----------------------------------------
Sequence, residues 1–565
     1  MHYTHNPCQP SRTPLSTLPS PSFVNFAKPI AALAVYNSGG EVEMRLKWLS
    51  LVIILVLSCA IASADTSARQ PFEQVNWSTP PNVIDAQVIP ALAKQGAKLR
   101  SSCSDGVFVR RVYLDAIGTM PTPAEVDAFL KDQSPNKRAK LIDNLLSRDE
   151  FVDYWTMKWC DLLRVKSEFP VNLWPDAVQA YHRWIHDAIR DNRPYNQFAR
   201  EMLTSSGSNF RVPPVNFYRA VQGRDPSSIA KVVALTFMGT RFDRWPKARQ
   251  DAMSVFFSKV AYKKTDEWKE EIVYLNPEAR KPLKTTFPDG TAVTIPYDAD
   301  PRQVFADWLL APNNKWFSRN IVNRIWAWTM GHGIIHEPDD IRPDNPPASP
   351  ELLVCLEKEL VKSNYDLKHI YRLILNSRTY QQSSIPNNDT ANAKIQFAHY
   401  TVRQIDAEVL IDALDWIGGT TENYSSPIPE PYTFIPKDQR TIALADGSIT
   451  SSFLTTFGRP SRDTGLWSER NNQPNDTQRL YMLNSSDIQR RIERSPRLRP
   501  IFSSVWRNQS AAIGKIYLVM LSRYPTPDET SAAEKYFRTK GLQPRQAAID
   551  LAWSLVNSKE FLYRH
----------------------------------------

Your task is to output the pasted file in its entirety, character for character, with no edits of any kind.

Sequence, residues 1–565
     1  MHYTHNPCQP SRTPLSTLPS PSFVNFAKPI AALAVYNSGG EVEMRLKWLS
    51  LVIILVLSCA IASADTSARQ PFEQVNWSTP PNVIDAQVIP ALAKQGAKLR
   101  SSCSDGVFVR RVYLDAIGTM PTPAEVDAFL KDQSPNKRAK LIDNLLSRDE
   151  FVDYWTMKWC DLLRVKSEFP VNLWPDAVQA YHRWIHDAIR DNRPYNQFAR
   201  EMLTSSGSNF RVPPVNFYRA VQGRDPSSIA KVVALTFMGT RFDRWPKARQ
   251  DAMSVFFSKV AYKKTDEWKE EIVYLNPEAR KPLKTTFPDG TAVTIPYDAD
   301  PRQVFADWLL APNNKWFSRN IVNRIWAWTM GHGIIHEPDD IRPDNPPASP
   351  ELLVCLEKEL VKSNYDLKHI YRLILNSRTY QQSSIPNNDT ANAKIQFAHY
   401  TVRQIDAEVL IDALDWIGGT TENYSSPIPE PYTFIPKDQR TIALADGSIT
   451  SSFLTTFGRP SRDTGLWSER NNQPNDTQRL YMLNSSDIQR RIERSPRLRP
   501  IFSSVWRNQS AAIGKIYLVM LSRYPTPDET SAAEKYFRTK GLQPRQAAID
   551  LAWSLVNSKE FLYRH